(Bloomberg) -- A new mindfulness platform has drawn the interest of some high-profile Silicon Valley entrepreneurs, suggesting the tech industry’s fascination with the practice is alive and well.Open, an app for guided breathing, yoga and relaxation exercises, launched last year in the midst of the pandemic, when virtual mental health options started to replace gym memberships. The Los Angeles-based company has raised $9 million, led by A.Capital Ventures and Founders Fund, along with participation from Twitter Inc. co-founder Jack Dorsey, DoorDash Inc. co-founder Tony Xu and Aglae Ventures, the venture capital arm of Groupe Arnault SAS. Total funding now stands at $14.5 million. 

Mindfulness apps boomed in 2020, with downloads increasing by nearly 40% from January through September, according to PitchBook data. Now, as stay-at-home orders have lifted and traditional gyms and fitness classes reopen, downloads have returned to pre-pandemic levels. But consumer spending on those apps increased 22% this year through September, compared with the same period a year ago, reaching $154 million. The numbers suggest that many people who have tried out mindfulness apps have been converted.  

Open’s co-founder and Chief Executive Officer Raed Khawaja says the need for his platform predates the pandemic. He describes the fitness industry as myopic, failing to take into account all the factors that contribute to a person’s overall health. Keith Rabois, general partner at Founders Fund, an early investor in companies like YouTube and Airbnb Inc. explained, “While countless solutions exist to improve your diet, exercise, or sleep, Open is the first fully integrated and accessible way for anyone to access the benefits of breathwork.” 

Open follows other mental health apps like Calm that have caught the interest of tech investors. The company credits its success to the social connection built into its platform. Users can participate in streaming meditation, yoga, pilates, and breathwork classes together, chatting live or prioritizing a friend’s video on the screen. Subscribers can also take on-demand classes synchronously and invite friends to join for free.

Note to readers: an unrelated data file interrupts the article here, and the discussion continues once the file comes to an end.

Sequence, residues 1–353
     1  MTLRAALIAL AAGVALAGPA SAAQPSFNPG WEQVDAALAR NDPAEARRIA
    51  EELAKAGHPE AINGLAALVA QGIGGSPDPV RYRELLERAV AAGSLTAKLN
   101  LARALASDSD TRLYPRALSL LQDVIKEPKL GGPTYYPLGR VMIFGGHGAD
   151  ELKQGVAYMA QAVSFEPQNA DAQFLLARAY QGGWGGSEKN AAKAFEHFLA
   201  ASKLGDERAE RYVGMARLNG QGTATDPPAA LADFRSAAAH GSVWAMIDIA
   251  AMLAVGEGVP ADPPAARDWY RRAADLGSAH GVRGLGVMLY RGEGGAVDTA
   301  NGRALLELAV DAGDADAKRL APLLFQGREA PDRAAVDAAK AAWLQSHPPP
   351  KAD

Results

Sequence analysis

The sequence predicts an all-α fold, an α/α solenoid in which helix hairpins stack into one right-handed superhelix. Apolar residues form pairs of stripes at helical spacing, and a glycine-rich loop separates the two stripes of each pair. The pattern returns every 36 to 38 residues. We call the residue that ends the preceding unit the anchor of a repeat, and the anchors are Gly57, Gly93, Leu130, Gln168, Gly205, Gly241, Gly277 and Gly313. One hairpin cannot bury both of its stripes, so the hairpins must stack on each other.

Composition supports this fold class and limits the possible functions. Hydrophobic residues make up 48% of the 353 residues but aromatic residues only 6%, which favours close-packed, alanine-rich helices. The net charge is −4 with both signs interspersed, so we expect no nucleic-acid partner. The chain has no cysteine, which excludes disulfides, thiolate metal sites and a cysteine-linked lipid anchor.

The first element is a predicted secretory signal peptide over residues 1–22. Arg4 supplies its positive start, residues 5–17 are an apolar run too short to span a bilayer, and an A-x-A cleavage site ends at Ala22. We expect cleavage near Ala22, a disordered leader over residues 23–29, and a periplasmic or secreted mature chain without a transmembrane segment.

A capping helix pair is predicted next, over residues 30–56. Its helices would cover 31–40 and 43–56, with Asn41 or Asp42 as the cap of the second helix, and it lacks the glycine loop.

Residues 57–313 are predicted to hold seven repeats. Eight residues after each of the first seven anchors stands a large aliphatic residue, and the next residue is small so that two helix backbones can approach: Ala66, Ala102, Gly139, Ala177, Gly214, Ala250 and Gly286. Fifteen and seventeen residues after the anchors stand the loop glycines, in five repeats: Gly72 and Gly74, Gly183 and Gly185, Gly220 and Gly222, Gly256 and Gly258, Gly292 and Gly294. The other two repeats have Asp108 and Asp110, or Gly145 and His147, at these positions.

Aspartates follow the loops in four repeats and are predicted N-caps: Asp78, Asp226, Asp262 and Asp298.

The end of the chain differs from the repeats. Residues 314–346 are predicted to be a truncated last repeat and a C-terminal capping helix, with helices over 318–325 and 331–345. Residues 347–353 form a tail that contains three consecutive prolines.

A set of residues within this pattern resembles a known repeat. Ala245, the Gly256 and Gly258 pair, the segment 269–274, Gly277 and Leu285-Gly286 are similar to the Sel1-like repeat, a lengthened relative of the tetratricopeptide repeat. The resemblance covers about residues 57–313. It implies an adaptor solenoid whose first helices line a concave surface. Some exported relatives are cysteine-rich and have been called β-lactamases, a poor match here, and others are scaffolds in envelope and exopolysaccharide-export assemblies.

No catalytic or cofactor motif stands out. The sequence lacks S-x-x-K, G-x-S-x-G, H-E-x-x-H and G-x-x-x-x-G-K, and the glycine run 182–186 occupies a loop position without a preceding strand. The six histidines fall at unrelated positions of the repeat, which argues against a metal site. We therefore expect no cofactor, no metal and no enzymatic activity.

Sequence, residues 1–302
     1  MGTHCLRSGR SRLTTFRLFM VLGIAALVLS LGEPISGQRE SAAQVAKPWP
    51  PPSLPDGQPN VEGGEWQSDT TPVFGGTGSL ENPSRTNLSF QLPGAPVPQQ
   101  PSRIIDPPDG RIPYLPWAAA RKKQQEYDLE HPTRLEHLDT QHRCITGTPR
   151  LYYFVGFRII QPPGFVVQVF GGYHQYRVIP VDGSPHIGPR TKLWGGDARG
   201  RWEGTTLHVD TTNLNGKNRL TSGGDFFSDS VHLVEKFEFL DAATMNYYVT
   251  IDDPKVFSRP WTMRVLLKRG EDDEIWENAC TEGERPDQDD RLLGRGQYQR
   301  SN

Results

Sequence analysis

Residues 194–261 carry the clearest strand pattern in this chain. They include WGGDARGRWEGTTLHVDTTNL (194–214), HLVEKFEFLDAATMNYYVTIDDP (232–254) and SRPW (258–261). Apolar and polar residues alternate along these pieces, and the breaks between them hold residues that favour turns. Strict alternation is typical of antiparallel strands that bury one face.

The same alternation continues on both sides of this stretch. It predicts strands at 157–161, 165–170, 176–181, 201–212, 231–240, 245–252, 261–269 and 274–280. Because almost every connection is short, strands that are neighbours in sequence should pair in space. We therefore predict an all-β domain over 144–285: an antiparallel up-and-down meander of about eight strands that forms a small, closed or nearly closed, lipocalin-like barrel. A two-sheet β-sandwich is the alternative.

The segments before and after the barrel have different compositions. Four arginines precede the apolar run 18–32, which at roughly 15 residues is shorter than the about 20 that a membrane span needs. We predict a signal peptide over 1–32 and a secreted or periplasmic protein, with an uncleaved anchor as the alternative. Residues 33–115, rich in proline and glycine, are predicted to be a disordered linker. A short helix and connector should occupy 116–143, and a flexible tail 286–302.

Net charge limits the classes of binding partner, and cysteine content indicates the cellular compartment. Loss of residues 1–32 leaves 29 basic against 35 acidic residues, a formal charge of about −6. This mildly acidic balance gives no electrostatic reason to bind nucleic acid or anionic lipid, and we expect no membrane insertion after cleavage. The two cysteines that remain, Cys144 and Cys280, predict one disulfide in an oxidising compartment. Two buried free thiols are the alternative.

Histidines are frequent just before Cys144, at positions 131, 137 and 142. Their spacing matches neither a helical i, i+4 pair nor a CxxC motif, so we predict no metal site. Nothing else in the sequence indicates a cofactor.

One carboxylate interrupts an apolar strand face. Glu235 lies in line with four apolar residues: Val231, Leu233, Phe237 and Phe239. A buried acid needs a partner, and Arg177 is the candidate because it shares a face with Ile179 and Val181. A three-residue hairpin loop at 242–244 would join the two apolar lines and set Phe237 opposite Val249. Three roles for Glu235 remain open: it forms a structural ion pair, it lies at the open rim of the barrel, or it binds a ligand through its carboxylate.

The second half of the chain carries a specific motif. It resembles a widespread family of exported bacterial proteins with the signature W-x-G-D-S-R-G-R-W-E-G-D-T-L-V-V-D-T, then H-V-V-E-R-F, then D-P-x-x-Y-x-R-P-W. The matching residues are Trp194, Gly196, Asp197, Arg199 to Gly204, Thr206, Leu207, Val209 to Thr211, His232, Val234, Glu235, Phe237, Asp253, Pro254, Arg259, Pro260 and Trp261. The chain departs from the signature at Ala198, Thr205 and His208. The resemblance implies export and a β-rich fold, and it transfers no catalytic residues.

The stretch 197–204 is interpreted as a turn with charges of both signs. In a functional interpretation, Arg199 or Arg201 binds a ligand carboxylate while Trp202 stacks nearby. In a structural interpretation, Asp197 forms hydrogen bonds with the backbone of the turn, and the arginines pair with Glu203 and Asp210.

Khawaja believes in combining methodologies from different practices or cultures. “I think lineage gets in the way,” he says. “I do think it’s doing an injustice to any one of these tools to not be open to a modern interpretation and combine them.” 

Khawaja grew up in a Muslim family, where he said he prayed five times a day. While he’s no longer a practicing Muslim, Khawaja said he thinks his religious upbringing allowed him to pick up mediation in his early twenties. 

“We’ve left church, but we haven’t replaced it with anything,” Khawaja says. He’s not looking to create a religious space, but one that teaches the same ability to sit with oneself and others and be present. The company plans to work with musicians and record labels to create playlists specifically for its classes. 

A monthly subscription to the app costs $20  — a fee the company acknowledges could be a barrier for some. Khawaja is working to create scholarships, especially for school children, so they can take part in the platform.  The company also plans to eventually open a physical space for classes in Los Angeles.  

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